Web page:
By LORAINE ANDERSON
EMPIRE — For Dave Taghon, history is telling stories.
He and the Empire Heritage Group have done a lot of that over four decades — with hammers and saws, artifacts of bygone eras, photos and what Taghon calls the "confounded computer business" of audiovisual.
"We probably could live without a museum, but I don't think we could live without a deep appreciation for the past like we do with small museums," said Taghon, president of the Heritage Group. "To me, they provide a tangible tie to the past that lets us know where we came from. I think that's important. "
Taghon has long been considered the spark plug of the 40-year-old Empire Heritage Museum Complex, which today covers everything from the village's lumber era to Sleeping Bear dune rides.
The museum, which has attracted from 4,000 to 7,000 annual visitors in recent years, received a state history award this month from The Michigan Historical Society.
The award dates back to 1972 when two women — Julia Dickinson and Jo Bolton — began digging for old crockery and bottles in the dump at "Norway Town," a sandy hillside mill village set up by the Empire Lumber Co. for its workers.
Taghon joined the museum effort in the mid 1970s, when he was asked to help with a Boy Scout woodworking project. He offered to do a scale model of Empire Lumber Company instead.
"That's what got me involved with people like Jo and Julia and others like Leota Nowicki, who gave me a box of pictures and told me I was now in charge of pictures," he said.
That box today has grown to a collection of 8,000 photographs and images. No one knows exactly how many artifacts the museum houses.
In the meantime, the museum has grown from a one-room display in 1972 to a four-building complex. The 40-by-80-foot main building, which opened in 1987, was constructed with the help of a $100,000 state grant.
A construction company in Solon Township put up the building and volunteers finished the interior. The land where the museum and 1911 Hose House sit was donated by the late Paul and Frances Johnson of Empire. Two other adjacent structures — the Old School House and the Billy Beeman Barn — are located on property leased from Empire Township.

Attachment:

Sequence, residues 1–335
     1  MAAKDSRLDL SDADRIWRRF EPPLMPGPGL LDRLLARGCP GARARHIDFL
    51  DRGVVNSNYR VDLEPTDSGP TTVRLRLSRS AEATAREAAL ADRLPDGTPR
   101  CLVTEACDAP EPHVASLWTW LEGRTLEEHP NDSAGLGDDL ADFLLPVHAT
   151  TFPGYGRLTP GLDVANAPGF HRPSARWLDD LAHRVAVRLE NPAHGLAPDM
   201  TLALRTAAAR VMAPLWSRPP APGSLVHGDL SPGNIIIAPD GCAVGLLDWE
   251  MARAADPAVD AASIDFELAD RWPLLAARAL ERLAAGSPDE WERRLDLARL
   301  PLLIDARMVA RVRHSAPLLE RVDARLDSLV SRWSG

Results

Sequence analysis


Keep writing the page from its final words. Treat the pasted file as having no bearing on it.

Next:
Taghon credits two mentors for his 36-year association with the Heritage Group. The first is Phil Payment, a lifelong Empire area resident who was born in 1889 and died in 1978. He began working at the Empire Lumber Co. mill when he was 11, after his father fell off a load of logs and died.
"He was a big inspiration to me and a tremendous source of details," Taghon said. "He had a photographic memory and had worked at everything in the mill. He commercial fished, too, and worked for the railroad. Just to learn firsthand from this guy was inspiring."
Taghon has never met his other mentor — Ken Burns, director and producer of American history documentaries. But Burns' 11-episode Civil War series in 1990 fired Taghon's interest in audiovisual storytelling.
Burns uses a combination of archival photographs, live modern cinematography, music, narration and first-person voices to recount the Civil War's history and impact.
"When I saw what he could do with pictures, wow," Taghon said.
Over the years, Taghon has worked with videotapes, slide shows, CDs and DVD presentations, tying together old photographs, music and narrative.
Today the museum has about eight to 10 DVD presentations available for viewing and use during public talks. They also sell the DVDs for $8, with proceeds going to the museum.
The audiovisual presentations unveil, among other things, the history of the Empire Lumber Company; the recovery of the Empire anchor from Lake Michigan in 1977; Empire's fairs and the drowning death of a stunt aviatrix; and Empire's glider days of 1936 and 1937, before the event moved permanently to Frankfort.
Taghon is a Mr. Empire of sorts.
He is the grandson of Belgian immigrants who came to Empire to work in the lumber company. His parents started a boarding house and corner gas station at M-72 and M-22. Born in 1942, Taghon graduated from Glen Lake High School in 1961 and spent four years in Florida serving in the Air Force from 1962-1966. He was on the village council for 26 years, 14 as mayor.
"There must have been something about Empire," he said. "I remember drawing a map of the village as a kid and putting a dot on it for each house in the village and counting how many residents and businesses there were.
"Maybe it was inevitable that I was going to end up on the village council for 26 years."
The Empire Museum is open daily except Wednesdays in the summer, and Saturdays from Labor Day through mid October. Current hours are by appointment. Call 326-5519.